Musings on Culture

Alejandra de Leiva's Blog

Canfranc, la estación fantasma y el oro nazi / Canfranc, the haunted railway station and Nazi gold

Ayer se celebró en Canfranc el centenario de los trabajos de perforación del túnel ferroviario de Canfranc.

Inspirada por la lectura del magnífico libro de Ramón J.Campo, El oro de Canfranc, que narra la historia de la estación, escenario del tráfico del “oro nazi”, estuve en Canfranc es dos ocasiones en 2006 y 2007. Recupero para esta ocasión un texto literario sobre la estación que publiqué en el blog Abandonalia (un sugerente blog sobre lugares abandonados).

Mi texto se puede leer AQUI; incluye algunas de las fotografías que tomé entonces. Por lo que he sabido, en 2011 se incendiaron dos vagones, lo cual no es de extrañar dado el estado de abandono en el que se encuentra la estación. A pesar de las reivindicaciones para reabrir el tráfico ferroviario entre Francia y España, de momento no hay fecha segura en el horizonte.

He empezado a leer Canfranc. El oro y los nazis, también de Ramón J.Campo. Promete ser tan evocador e informativo como El oro de Canfranc.

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Canfranc, a village in the Spanish Pyrenees, celebrated yesterday the centenary of the boring of the Trans-Pyrenean railway tunnel, almost 8 km long, that joined Spain to France.

In 1928, at the inauguration of the Canfranc International Station, King Alfonso XII proudly claimed: “The Pyrenees do no longer exist!”. Lying at an altitude of 1190 m, the station was the result of more than 40 years of labour. It’s a huge construction in Modernist style, 240 m long, described in tourist brochures and other publications as “bigger than the Titanic”. Unfortunately, the station has been abandoned since 1970, when, after an accident, one of the bridges on the French side collapsed.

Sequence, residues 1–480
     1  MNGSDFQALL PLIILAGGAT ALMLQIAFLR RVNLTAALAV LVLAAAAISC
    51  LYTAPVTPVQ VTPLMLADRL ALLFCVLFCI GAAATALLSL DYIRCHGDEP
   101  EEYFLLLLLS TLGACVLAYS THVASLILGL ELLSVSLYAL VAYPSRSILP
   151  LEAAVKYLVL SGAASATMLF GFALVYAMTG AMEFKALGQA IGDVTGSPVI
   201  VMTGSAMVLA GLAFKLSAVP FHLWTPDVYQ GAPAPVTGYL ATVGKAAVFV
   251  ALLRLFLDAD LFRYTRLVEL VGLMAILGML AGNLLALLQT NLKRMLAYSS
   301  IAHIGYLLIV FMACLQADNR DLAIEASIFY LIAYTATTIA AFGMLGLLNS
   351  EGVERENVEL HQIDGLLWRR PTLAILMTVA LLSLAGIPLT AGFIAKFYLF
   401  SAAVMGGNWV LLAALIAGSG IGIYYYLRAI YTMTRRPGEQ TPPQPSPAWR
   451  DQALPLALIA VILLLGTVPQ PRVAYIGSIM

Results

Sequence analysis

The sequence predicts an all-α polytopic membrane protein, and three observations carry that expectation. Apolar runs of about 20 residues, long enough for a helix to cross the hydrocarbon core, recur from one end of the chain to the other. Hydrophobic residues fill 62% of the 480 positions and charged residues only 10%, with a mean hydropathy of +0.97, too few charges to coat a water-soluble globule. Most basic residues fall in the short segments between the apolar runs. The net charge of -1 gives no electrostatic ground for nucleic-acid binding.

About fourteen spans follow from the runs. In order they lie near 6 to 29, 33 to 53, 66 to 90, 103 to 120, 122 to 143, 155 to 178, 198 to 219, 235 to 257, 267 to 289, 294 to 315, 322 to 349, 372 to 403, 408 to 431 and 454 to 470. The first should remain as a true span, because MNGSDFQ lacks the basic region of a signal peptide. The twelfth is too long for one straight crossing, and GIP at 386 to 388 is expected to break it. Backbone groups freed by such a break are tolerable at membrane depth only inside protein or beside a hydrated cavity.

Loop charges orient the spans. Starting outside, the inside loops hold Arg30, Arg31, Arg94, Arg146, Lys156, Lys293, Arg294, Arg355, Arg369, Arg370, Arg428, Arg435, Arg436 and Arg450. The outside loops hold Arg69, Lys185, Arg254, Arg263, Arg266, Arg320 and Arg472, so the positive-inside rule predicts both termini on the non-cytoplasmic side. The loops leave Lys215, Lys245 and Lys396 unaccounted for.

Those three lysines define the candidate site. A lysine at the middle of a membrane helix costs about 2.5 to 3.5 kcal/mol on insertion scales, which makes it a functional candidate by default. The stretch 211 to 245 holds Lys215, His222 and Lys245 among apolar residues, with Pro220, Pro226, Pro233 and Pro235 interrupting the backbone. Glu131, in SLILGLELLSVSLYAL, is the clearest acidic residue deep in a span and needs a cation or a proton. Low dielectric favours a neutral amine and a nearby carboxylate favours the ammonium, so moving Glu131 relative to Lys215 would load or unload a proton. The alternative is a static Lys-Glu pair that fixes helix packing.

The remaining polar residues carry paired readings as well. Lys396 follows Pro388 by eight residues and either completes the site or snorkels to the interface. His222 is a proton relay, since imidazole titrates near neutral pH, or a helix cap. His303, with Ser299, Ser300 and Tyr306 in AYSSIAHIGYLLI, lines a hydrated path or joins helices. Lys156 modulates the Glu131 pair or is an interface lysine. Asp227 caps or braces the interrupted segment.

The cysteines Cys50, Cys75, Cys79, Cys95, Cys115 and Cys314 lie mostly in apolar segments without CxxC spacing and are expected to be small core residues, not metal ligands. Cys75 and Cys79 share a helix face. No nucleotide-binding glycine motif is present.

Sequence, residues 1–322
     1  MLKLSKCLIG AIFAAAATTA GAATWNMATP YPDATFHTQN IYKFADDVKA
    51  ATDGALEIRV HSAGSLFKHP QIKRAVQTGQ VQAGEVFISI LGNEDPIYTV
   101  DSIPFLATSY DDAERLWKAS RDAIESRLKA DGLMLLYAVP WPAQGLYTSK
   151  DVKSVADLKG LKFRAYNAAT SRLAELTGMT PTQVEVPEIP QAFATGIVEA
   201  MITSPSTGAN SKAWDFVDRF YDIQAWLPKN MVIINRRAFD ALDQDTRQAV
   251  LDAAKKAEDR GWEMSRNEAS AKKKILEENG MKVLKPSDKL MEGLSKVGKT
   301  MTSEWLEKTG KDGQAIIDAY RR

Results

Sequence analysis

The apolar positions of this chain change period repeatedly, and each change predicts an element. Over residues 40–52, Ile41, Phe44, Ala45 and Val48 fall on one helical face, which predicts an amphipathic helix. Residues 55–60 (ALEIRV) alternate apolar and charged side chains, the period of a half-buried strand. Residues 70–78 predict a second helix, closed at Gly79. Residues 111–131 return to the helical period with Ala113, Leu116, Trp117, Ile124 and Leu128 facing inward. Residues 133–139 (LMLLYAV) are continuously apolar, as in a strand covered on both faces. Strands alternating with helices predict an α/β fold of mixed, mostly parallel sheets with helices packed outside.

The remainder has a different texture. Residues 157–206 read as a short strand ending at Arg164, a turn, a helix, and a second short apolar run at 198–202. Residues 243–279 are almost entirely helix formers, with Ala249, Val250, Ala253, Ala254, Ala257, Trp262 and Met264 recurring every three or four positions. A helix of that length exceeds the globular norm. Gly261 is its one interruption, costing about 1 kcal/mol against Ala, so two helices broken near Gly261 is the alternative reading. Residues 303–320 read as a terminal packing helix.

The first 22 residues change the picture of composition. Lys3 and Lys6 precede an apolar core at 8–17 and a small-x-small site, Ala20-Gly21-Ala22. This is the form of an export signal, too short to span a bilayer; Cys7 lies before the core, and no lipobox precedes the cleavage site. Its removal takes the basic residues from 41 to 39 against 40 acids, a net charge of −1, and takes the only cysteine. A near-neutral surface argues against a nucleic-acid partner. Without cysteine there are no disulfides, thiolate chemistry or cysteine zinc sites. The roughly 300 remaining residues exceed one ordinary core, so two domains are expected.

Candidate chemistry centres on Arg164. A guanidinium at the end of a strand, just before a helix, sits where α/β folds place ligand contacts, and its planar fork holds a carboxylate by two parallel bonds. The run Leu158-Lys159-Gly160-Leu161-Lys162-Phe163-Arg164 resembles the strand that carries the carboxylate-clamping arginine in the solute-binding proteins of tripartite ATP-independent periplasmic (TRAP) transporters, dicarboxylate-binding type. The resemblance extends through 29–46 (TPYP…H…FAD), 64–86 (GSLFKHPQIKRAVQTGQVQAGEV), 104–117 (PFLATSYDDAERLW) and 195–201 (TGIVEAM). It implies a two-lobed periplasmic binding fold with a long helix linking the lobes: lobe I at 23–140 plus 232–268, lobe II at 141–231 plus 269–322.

I visited Canfranc in 2006 and 2007, after reading a fascinating book by Ramón J.Campo about the history of the station. In 2000, Jonathan Díaz, a French bus driver, had found some documents scattered on the rails of the station that proved that Canfranc was the entry point for more than 86 tons of “Nazi gold” into Spain. Campo thoroughly researched the topic and published El oro de Canfranc (Canfranc’s gold) in 2002. He revealed that Nazis used gold to buy tungsten from Spain and Portugal. Tungsten, also known as wolfram, is a heavy metal used in the arms industry. It became a strategic metal during World War II because of its properties and resistance.

Furthermore, Campo revealed that Canfranc was also part of a spy network. The Chief of the French Customs, Albert Le Lay, acted as a spy for the French Resistance. He provided information for the Allies. Le Lay was discovered by the Gestapo in 1943, but he managed to escape.

Inspired by Campo’s well researched and informative book, I visited Canfranc and interviewed Campo and Díaz. The visit to the abandoned station was magic. Although it’s very deteriorated, the station still retains its majesty and mistery. I published a literary text in a blog about abandoned places. My text and a selection of pictures can be found HERE (in Spanish).

New revelations about Canfranc’s secrets have recently emerged. I am currently reading Campo’s newest book, Canfranc. El oro y los nazis (Canfranc. The gold and the nazis), that he presented in June 2012. The book promises to be as entertaining and evocative as Canfranc’s gold.





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